Translation of button in Spanish:


Pronunciation: /ˈbʌtn/


  • 1 [Clothing/Indumentaria] botón (masculine) to sew a button onto sth coserle* or pegarle* un botón a algo on the button (American English/inglés norteamericano) his answer was right on the button dio en el clavo con su respuesta she arrived on the button llegó en punto or muy puntual to be as bright as a button ser* muy despierto, ser* más listo que el hambre [colloquial/familiar] button nose nariz (feminine) chata y pequeña
    More example sentences
    • At this stage, they'll also check your garments for slits, broken buttons or zippers, and any other irregularities.
    • It also features a two-button cuff with a button sleeve placket and wood grain Eagle logo buttons.
    • He was pushing buttons on purpose, to figure out what would make him tick and what he would let roll off his back.
  • 2 (switch) botón (masculine) to hit the right button dar* en la tecla
    More example sentences
    • She pushed the button and waited in front of one of the shiny gold colored doors.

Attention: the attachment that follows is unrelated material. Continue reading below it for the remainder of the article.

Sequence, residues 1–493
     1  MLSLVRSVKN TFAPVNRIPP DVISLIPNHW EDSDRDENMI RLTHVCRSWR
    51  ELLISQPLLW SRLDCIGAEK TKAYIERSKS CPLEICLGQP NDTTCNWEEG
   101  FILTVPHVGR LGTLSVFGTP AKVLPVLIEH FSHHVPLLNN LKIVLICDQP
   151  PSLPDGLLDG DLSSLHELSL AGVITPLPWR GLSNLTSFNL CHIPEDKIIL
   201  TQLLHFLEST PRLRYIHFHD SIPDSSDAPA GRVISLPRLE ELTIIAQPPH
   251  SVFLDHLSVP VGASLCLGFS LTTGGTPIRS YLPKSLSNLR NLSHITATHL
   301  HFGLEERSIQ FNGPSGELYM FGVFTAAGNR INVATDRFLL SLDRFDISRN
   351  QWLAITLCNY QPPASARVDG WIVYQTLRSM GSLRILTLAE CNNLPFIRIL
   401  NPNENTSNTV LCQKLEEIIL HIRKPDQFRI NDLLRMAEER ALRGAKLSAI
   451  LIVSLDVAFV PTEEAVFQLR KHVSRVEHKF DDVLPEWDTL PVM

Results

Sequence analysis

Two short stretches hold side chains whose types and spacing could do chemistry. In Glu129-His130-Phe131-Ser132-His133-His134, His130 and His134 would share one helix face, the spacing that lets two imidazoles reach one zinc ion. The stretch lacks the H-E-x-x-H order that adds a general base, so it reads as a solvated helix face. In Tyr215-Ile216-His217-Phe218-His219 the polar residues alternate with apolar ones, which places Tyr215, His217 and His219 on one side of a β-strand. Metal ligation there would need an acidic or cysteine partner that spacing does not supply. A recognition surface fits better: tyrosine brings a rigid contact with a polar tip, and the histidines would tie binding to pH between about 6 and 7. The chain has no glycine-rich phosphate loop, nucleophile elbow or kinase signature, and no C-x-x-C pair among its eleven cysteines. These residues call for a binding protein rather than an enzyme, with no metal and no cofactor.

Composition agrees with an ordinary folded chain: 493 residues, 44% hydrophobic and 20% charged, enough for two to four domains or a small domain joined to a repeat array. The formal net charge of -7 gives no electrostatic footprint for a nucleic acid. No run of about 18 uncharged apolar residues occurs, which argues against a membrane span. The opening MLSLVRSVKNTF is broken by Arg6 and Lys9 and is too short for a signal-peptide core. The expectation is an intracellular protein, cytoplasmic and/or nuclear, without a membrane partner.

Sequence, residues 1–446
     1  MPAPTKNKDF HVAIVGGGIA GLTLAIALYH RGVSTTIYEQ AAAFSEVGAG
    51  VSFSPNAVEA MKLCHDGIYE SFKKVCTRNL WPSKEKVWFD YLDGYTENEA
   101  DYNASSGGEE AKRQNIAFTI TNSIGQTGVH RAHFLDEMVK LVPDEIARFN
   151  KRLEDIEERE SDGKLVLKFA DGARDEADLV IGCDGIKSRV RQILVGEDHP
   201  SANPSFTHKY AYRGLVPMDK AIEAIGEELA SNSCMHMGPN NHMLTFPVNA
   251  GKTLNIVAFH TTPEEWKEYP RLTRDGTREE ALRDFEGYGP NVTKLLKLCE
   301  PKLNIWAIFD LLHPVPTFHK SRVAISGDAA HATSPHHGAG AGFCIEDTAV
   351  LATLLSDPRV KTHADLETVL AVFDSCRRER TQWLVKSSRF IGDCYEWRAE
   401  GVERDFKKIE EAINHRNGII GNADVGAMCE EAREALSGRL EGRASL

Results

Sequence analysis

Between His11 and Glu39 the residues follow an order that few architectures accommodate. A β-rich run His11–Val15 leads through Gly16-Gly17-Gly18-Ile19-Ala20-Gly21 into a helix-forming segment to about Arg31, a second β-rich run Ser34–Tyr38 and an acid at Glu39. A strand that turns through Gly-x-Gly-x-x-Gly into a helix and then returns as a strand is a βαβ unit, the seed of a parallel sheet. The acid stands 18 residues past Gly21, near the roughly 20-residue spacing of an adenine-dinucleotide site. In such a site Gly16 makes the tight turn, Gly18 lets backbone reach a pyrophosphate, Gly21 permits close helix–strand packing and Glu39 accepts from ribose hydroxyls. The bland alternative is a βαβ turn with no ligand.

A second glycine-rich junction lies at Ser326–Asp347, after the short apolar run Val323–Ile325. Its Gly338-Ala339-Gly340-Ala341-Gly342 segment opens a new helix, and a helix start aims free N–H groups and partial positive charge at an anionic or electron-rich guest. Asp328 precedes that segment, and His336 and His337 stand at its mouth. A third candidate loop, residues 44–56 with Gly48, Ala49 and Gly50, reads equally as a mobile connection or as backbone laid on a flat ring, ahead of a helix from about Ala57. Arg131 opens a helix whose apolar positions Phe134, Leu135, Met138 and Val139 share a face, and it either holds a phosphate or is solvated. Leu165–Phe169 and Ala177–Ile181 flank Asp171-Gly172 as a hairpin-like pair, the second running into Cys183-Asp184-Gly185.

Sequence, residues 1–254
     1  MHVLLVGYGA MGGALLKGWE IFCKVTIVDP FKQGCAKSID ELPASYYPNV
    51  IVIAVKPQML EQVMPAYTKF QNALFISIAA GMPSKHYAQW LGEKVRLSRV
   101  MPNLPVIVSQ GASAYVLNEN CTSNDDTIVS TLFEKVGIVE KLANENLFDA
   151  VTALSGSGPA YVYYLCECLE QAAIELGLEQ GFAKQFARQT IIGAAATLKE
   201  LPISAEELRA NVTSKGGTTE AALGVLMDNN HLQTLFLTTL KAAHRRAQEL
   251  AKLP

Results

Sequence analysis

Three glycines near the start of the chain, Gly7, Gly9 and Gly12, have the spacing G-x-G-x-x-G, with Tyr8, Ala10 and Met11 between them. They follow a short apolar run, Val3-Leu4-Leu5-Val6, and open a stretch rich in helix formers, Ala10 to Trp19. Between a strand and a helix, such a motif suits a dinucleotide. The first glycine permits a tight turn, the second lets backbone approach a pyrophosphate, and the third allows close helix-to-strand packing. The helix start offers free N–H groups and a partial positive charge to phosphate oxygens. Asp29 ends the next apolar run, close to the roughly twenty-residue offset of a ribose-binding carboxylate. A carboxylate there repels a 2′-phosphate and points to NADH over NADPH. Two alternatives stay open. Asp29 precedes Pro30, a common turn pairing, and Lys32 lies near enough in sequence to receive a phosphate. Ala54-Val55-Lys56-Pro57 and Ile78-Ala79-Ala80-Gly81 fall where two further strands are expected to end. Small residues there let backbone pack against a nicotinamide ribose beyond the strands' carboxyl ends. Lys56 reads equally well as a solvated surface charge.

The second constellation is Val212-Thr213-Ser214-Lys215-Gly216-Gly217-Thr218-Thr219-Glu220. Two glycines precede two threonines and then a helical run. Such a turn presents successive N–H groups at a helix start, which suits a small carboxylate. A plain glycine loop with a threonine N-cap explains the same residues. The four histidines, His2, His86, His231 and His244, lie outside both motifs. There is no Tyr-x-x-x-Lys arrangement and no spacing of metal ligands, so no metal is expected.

• He pushed the green button in front of him and the mannequin started to move about the field.
    • Push the button on the front edge and lift, the lid flips back and supports slide out, providing a stand for the phone.
  • 3 (badge) distintivo (masculine)
    More example sentences
    • You can't see from here, but those badges and buttons sport a plethora of pro-life phrases.
    • Most are adorned with slogan buttons, some of which are very old and rare.
    • The slogans on our buttons are actually funny, and many of them are about cats.

transitive verb/verbo transitivo

intransitive verb/verbo intransitivo

  • the blouse buttons to the neck la blusa va abotonada or abrochada hasta el cuello

Definition of button in:

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Word of the day ochavo
old Spanish coin of little value …
Cultural fact of the day

Mexico's muralist movement flourished between the two World Wars during a time of nationalist fervor. It was led by Diego Rivera, José Clemente Orozco, and David Alfaro Siqueiros. Their work reflected revolutionary themes and working-class struggle. They decorated many public buildings.